The original collections included English and European ceramics with oriental porcelain as well as Anglo-Saxon grave jewellery from Kent. It had mounted wildlife bequeathed by S. R. Lushington, and the Hammond bird collection bequeathed in 1903. The large, 18th century chandelier in the basement room came from the cathedral. It had geological and natural history collections, and the ethnological collection originally included three Māori tattooed heads, which were returned to New Zealand in the 1990s. It had two fourth or fifth-century runestones from Sandwich, one of which had Raehaebul engraved on it, possibly as a headstone; in which case these might be the oldest Jutish tombstones yet found. It had Ancient Greek bas relief tablets.
Also in the original collection was St Augustine's Chair, from Stanford Bishop church in Herefordshire. This is not the Chair of St Augustine but was thought to be where St Augustine sat when he received the British bishops at Augustine's Oak, 602-604 AD. It was rescued by Dr James Johnston from the church during restorations and given to the museum in 1899 by his son. The chair remains part of the collection but was lent to Stanford Bishop church in 1943, and latest research suggests an 18th-century origin. Beside it was a 14th-century chair said to have been taken from Notre Dame de Paris during the French Revolution. One of the museum's prized possessions was the Burghmote Horn, said to have called the corporation to assembly from the time of Henry III until 1835. It also had the municipal maces of the extinct corporation of Fordwich, as well as pilgrims' tokens used as souvenirs of the shrine of Thomas Becket. In 1975 the museum was given the ancient helmet of St Alphege Church.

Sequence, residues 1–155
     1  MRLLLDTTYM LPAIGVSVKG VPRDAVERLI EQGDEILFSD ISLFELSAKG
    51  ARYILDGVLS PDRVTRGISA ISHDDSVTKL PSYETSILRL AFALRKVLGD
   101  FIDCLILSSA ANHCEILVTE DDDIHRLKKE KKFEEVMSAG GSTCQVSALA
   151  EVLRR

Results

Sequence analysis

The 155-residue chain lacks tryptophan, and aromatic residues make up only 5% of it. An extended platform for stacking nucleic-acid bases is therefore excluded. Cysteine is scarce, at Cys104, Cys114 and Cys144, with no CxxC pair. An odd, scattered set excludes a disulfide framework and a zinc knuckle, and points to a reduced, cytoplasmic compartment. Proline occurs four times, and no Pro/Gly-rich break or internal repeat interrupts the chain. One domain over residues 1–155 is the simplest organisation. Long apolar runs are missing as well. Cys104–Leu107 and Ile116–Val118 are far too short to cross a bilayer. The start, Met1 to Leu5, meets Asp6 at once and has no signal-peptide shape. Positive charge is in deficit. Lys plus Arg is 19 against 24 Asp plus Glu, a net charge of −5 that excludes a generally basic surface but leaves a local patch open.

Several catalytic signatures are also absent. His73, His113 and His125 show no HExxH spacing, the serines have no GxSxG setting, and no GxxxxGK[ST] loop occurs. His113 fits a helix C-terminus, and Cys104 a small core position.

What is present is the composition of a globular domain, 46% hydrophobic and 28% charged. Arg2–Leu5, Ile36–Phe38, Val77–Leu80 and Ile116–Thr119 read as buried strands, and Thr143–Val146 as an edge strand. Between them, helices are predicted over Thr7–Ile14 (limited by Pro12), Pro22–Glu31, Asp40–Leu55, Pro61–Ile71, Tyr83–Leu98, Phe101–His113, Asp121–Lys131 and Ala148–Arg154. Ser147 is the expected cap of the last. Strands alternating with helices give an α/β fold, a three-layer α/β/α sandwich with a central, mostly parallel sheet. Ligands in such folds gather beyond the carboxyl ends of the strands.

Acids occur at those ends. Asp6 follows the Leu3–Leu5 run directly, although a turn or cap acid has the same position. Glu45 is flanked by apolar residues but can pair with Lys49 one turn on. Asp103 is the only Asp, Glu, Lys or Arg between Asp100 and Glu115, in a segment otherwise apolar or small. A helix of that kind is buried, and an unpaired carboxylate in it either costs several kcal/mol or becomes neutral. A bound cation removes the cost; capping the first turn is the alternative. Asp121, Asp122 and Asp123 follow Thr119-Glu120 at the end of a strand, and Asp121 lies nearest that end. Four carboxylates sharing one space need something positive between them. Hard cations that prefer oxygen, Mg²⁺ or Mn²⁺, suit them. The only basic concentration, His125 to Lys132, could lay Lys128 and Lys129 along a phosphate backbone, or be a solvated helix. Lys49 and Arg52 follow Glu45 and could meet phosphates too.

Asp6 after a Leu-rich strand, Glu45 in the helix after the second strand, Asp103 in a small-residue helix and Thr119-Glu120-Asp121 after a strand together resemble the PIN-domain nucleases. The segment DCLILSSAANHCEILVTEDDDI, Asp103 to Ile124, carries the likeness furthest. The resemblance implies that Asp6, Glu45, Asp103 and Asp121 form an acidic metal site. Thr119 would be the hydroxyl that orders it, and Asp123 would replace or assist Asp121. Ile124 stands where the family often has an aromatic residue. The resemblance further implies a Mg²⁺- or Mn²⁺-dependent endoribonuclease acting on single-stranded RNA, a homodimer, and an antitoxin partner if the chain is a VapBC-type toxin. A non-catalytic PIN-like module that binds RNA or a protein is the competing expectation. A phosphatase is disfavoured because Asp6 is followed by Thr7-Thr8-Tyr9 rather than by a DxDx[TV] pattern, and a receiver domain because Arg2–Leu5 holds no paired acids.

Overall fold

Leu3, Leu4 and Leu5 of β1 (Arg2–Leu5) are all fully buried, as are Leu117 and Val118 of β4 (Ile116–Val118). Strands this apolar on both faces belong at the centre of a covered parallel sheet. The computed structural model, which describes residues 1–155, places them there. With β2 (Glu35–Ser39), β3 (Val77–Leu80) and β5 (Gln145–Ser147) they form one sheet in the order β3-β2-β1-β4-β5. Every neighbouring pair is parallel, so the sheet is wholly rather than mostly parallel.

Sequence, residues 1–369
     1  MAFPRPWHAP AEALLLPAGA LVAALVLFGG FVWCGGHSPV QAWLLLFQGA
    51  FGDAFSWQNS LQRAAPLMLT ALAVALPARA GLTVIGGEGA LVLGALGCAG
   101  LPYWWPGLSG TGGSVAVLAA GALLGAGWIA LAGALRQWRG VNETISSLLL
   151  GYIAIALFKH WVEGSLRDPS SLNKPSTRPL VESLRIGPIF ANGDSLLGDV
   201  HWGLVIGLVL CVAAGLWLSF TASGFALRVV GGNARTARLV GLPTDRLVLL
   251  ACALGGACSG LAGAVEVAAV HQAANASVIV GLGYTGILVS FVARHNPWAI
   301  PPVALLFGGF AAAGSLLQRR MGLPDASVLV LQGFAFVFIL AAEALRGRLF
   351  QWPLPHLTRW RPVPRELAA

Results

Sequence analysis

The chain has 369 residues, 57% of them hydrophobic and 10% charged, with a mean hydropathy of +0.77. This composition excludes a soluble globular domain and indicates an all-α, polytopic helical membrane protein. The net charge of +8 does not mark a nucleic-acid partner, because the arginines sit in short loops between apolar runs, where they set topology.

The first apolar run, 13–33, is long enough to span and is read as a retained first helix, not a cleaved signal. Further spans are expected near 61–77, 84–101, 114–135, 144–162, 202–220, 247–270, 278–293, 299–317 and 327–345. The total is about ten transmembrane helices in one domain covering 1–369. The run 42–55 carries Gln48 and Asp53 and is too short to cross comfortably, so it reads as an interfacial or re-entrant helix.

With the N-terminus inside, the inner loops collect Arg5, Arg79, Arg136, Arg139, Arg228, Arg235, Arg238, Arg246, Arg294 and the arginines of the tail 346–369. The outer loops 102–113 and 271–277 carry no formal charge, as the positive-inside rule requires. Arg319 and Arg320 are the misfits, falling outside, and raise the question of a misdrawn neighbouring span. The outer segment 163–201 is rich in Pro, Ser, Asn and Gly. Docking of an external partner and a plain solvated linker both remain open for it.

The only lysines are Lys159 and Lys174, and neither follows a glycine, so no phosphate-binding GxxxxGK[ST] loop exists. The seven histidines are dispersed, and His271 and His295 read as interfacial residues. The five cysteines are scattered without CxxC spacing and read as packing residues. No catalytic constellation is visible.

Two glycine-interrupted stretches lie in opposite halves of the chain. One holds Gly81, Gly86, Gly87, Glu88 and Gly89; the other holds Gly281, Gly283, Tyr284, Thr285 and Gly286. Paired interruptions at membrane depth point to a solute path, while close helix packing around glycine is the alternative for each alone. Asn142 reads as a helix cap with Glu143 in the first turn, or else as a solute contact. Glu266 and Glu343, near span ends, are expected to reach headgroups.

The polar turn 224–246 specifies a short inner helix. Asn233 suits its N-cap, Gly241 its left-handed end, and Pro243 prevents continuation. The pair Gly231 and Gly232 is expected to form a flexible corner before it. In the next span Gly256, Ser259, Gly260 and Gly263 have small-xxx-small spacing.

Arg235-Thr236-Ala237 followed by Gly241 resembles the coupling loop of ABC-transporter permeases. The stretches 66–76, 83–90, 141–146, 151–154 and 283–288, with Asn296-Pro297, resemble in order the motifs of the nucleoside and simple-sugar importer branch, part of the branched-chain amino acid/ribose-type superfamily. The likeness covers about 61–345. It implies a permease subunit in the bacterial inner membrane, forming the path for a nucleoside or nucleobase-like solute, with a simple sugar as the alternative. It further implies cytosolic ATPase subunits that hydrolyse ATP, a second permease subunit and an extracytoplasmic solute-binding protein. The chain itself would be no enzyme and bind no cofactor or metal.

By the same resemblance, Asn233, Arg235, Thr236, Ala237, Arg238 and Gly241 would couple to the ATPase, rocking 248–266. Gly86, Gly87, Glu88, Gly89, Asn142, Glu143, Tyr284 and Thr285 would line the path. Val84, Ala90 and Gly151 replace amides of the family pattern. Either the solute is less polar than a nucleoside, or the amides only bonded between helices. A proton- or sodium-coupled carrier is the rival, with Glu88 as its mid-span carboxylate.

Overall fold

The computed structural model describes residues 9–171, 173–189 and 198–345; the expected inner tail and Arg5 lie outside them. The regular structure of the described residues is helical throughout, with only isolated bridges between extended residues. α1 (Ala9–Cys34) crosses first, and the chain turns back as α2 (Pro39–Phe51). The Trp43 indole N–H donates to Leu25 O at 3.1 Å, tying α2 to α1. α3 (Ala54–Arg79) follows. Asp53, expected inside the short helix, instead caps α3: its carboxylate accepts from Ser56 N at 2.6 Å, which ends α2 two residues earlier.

Its collections of prehistoric implements and Roman and Anglo-Saxon antiquities found in Canterbury, Thanet and East Kent have since been shared with local museums: for example the nearly perfect Anglo-Saxon glass beaker with hollow tears found at Reculver is now at Herne Bay Museum. Much of the Romano-British pottery and glass found in Canterbury is now at the Roman Museum. The remaining collections are currently stored at the Museum of Canterbury, with some objects on display.
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- Information from Canterbury Museums Department
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- Beaney project: links to plans and photos
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- Sketch from the life, of Dr J.G. Beaney